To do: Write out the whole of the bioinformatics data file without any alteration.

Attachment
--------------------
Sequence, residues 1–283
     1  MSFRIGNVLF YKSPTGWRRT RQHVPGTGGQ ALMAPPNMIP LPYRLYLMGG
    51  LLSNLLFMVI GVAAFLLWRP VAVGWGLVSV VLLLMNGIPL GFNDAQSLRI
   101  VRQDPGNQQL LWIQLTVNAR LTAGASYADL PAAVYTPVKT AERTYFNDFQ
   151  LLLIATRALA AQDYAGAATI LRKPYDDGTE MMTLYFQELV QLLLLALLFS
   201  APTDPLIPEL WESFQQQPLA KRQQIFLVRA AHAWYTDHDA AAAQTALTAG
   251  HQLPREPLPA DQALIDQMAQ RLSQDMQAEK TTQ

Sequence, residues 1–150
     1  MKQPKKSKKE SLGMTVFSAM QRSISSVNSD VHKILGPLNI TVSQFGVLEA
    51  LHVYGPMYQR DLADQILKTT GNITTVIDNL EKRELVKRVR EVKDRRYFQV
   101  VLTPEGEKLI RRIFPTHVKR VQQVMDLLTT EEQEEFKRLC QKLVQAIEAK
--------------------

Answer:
Sequence, residues 1–283
     1  MSFRIGNVLF YKSPTGWRRT RQHVPGTGGQ ALMAPPNMIP LPYRLYLMGG
    51  LLSNLLFMVI GVAAFLLWRP VAVGWGLVSV VLLLMNGIPL GFNDAQSLRI
   101  VRQDPGNQQL LWIQLTVNAR LTAGASYADL PAAVYTPVKT AERTYFNDFQ
   151  LLLIATRALA AQDYAGAATI LRKPYDDGTE MMTLYFQELV QLLLLALLFS
   201  APTDPLIPEL WESFQQQPLA KRQQIFLVRA AHAWYTDHDA AAAQTALTAG
   251  HQLPREPLPA DQALIDQMAQ RLSQDMQAEK TTQ

Sequence, residues 1–150
     1  MKQPKKSKKE SLGMTVFSAM QRSISSVNSD VHKILGPLNI TVSQFGVLEA
    51  LHVYGPMYQR DLADQILKTT GNITTVIDNL EKRELVKRVR EVKDRRYFQV
   101  VLTPEGEKLI RRIFPTHVKR VQQVMDLLTT EEQEEFKRLC QKLVQAIEAK